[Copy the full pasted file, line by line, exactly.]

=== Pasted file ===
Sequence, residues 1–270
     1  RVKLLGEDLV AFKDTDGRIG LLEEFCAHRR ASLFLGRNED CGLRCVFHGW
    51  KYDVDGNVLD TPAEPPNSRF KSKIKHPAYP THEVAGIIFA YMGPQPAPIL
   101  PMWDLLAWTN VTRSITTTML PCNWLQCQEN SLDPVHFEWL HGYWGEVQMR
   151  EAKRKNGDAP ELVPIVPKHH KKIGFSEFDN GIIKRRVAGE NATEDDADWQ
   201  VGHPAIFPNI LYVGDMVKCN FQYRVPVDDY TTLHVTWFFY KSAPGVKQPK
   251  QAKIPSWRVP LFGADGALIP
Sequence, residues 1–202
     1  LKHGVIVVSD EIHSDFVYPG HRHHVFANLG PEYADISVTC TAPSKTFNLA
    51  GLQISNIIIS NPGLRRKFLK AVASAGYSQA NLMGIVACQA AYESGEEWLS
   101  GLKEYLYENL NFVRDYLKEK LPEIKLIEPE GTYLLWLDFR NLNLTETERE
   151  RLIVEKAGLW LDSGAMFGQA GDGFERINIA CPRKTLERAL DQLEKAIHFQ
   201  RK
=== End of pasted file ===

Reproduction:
Sequence, residues 1–270
     1  RVKLLGEDLV AFKDTDGRIG LLEEFCAHRR ASLFLGRNED CGLRCVFHGW
    51  KYDVDGNVLD TPAEPPNSRF KSKIKHPAYP THEVAGIIFA YMGPQPAPIL
   101  PMWDLLAWTN VTRSITTTML PCNWLQCQEN SLDPVHFEWL HGYWGEVQMR
   151  EAKRKNGDAP ELVPIVPKHH KKIGFSEFDN GIIKRRVAGE NATEDDADWQ
   201  VGHPAIFPNI LYVGDMVKCN FQYRVPVDDY TTLHVTWFFY KSAPGVKQPK
   251  QAKIPSWRVP LFGADGALIP
Sequence, residues 1–202
     1  LKHGVIVVSD EIHSDFVYPG HRHHVFANLG PEYADISVTC TAPSKTFNLA
    51  GLQISNIIIS NPGLRRKFLK AVASAGYSQA NLMGIVACQA AYESGEEWLS
   101  GLKEYLYENL NFVRDYLKEK LPEIKLIEPE GTYLLWLDFR NLNLTETERE
   151  RLIVEKAGLW LDSGAMFGQA GDGFERINIA CPRKTLERAL DQLEKAIHFQ
   201  RK